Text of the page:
Improving Volumetric Sweep Efficiency by Optimizing Viscous-Gravity Forces in Water-Miscible Gas Injection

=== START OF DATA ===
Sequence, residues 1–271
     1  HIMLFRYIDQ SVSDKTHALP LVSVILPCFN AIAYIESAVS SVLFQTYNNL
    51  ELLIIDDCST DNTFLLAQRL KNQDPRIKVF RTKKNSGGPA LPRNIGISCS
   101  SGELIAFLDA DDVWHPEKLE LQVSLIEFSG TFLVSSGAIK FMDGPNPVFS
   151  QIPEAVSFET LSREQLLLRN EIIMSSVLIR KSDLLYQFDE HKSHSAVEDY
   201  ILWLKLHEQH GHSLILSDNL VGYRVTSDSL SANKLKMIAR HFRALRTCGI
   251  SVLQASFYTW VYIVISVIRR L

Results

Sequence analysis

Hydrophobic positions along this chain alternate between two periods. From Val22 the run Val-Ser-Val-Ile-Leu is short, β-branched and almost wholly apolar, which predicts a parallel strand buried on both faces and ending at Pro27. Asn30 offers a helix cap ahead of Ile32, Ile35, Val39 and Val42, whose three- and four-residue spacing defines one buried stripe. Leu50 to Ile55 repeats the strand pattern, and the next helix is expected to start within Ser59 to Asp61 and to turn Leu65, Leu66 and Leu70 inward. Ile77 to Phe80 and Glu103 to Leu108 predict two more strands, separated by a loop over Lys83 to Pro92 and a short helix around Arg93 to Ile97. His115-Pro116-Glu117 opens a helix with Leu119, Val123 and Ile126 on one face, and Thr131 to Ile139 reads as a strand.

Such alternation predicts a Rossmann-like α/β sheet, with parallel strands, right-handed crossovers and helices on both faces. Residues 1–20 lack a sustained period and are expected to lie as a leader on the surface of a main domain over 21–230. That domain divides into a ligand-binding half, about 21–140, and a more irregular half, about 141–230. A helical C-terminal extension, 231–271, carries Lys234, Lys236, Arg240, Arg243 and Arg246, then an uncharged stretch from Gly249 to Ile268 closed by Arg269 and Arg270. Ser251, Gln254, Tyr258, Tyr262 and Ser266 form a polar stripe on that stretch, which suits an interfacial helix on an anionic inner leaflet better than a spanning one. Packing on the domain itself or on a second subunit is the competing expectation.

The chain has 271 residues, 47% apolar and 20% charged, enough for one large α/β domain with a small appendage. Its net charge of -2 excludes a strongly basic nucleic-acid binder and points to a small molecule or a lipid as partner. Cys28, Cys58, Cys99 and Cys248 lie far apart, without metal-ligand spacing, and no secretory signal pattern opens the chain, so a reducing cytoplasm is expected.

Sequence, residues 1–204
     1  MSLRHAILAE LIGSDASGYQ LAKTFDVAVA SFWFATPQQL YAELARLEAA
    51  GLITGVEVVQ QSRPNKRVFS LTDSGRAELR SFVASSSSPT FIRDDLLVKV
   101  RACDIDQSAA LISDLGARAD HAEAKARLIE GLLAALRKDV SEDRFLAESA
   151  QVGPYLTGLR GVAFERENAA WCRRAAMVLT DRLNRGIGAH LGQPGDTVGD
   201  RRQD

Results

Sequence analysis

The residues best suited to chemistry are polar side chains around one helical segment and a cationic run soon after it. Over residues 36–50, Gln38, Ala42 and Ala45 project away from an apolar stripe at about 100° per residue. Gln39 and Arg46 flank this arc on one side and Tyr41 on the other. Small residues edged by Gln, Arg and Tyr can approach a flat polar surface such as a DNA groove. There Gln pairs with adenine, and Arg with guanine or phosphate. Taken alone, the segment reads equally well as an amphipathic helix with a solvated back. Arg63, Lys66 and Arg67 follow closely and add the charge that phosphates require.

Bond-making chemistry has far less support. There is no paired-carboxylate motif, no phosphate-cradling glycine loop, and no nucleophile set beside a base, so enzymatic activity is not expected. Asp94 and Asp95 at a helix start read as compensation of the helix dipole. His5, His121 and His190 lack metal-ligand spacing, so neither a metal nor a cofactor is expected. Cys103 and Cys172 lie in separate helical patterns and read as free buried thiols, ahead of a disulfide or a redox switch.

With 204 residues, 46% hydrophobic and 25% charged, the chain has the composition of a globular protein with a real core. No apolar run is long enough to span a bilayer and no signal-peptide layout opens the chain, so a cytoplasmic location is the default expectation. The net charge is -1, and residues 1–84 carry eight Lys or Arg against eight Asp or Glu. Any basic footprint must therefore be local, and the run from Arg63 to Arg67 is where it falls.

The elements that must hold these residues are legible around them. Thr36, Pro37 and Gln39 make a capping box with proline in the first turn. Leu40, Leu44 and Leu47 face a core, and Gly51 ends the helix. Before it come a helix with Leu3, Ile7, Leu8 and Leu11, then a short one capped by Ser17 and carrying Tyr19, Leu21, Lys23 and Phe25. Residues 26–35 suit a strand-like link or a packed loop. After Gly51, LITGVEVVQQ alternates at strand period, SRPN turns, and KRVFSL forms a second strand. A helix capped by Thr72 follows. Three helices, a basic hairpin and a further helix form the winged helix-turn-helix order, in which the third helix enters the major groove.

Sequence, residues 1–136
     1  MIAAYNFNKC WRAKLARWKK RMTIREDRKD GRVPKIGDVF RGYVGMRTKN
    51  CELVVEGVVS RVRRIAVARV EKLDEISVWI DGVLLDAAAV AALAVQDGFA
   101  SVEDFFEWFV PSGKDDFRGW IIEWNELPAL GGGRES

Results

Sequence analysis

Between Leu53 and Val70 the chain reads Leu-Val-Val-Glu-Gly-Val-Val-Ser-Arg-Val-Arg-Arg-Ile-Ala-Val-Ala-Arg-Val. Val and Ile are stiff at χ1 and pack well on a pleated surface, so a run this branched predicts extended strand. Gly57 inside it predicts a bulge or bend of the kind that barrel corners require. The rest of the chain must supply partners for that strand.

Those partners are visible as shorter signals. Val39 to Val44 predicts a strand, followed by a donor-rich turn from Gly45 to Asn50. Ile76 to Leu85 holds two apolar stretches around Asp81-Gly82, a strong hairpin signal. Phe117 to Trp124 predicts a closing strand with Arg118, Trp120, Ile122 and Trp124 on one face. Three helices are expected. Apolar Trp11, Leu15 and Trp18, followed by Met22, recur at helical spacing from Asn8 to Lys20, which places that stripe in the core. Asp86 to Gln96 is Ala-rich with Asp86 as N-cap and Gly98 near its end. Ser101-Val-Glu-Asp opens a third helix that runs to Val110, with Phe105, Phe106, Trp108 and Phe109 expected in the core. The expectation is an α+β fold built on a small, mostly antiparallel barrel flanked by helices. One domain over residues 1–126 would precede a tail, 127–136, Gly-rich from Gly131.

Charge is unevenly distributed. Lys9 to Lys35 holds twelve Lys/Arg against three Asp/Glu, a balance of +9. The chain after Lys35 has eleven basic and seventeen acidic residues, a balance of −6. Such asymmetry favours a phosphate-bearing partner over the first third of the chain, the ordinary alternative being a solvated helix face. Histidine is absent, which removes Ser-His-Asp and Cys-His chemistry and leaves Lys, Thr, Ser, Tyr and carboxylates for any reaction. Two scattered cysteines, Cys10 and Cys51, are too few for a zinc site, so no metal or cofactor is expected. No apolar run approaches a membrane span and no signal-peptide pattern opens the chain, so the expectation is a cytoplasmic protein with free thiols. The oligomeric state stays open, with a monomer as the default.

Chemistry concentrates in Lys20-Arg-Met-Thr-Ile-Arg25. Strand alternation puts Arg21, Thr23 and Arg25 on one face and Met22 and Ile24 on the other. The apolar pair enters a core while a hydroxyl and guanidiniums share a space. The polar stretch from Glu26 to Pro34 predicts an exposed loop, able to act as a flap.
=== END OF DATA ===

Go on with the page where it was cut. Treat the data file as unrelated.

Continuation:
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Water-alternating-gas injection is an enhanced oil recovery method that has been used for many years. Field applications of this method had good performance and the recovery factor was quite promising in the majority of cases. Applications of this method in the North Sea are only part of this successful experience. Even though this method has been used in many fields, there is still good potential for improving the recovery factor, especially through improving volumetric sweep efficiency that was the primary goal for introducing this method. There are also many non-horizontal and unconventional oil reservoirs that might be good candidates to implement this method. In a gas injection process the microscopic sweep efficiency is usually excellent, but it is the volumetric sweep efficiency that might be unfavorable, as this depends on the heterogeneity and other reservoir characteristics. Water-alternating-gas injection was proposed to improve this volumetric sweep efficiency. Further studies have proposed different combinations and injection strategies for water and gas to enhance the advantages. This thesis focuses on the reactions of water-miscible gas injection on a macroscopic level by means of studying viscous and gravity forces which are main forces present on this level. The techniques that can help to improve this volumetric sweep have been analyzed and also, the new potentials for implementing this method have been discussed. It is still a question if implementing water-alternating-miscible gas injection is advantageous in a non-horizontal pattern. Analytic developments have been used to answer this question. Also, simulation studies have been coupled to show the reliability of the results. The type of the numerical simulation which is applicable in this process has been discussed. Among all practical developments and proposed techniques for injecting these two phases, water above gas and particularly, water above miscible gas injection is expected to be a very efficient alternative. This occurs through improving volumetric sweep efficiency by means of maximized viscous force to the gravity force ratio. However, this could not be proved without experimental verification and it is obvious that scaling is a main challenge in this type of experimental study which investigates a reservoir-scale process. A scaled experimental setup was implemented to study this technique. The results have been compared with analytic equation, previously verified for a water-alternating-miscible gas injection process. Finally, in a supplementary discussion that also shows the importance of the subject, this thesis investigates if water-miscible gas injection can be used for unconventional oil reservoirs. The target oil reservoirs for this discussion are slightly heavy oil and heavy oil reservoirs. Combining hot waterflooding and water-alternating-miscible gas injection provides a hybrid method that is believed to be suitable for this category of reservoirs. If this hybrid method provides good microscopic efficiency, there is good possibility that all previous discussions of macroscopic scale are applicable to these reservoirs. Of course, additional studies on the reservoir-scale will be essential for this new method.